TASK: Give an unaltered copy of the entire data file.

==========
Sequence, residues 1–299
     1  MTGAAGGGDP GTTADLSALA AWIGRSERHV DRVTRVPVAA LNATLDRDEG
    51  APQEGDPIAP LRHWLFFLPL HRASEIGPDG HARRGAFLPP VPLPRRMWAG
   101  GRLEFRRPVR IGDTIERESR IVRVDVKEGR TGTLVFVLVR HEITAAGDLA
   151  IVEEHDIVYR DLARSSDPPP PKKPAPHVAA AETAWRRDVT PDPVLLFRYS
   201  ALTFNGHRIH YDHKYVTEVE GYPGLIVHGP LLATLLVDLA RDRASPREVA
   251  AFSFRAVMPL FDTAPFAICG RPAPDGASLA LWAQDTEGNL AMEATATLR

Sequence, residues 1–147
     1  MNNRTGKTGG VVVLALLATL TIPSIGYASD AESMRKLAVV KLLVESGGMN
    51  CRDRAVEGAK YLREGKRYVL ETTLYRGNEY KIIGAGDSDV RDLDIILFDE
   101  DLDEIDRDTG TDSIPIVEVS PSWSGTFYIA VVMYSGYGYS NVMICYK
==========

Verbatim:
Sequence, residues 1–299
     1  MTGAAGGGDP GTTADLSALA AWIGRSERHV DRVTRVPVAA LNATLDRDEG
    51  APQEGDPIAP LRHWLFFLPL HRASEIGPDG HARRGAFLPP VPLPRRMWAG
   101  GRLEFRRPVR IGDTIERESR IVRVDVKEGR TGTLVFVLVR HEITAAGDLA
   151  IVEEHDIVYR DLARSSDPPP PKKPAPHVAA AETAWRRDVT PDPVLLFRYS
   201  ALTFNGHRIH YDHKYVTEVE GYPGLIVHGP LLATLLVDLA RDRASPREVA
   251  AFSFRAVMPL FDTAPFAICG RPAPDGASLA LWAQDTEGNL AMEATATLR

Sequence, residues 1–147
     1  MNNRTGKTGG VVVLALLATL TIPSIGYASD AESMRKLAVV KLLVESGGMN
    51  CRDRAVEGAK YLREGKRYVL ETTLYRGNEY KIIGAGDSDV RDLDIILFDE
   101  DLDEIDRDTG TDSIPIVEVS PSWSGTFYIA VVMYSGYGYS NVMICYK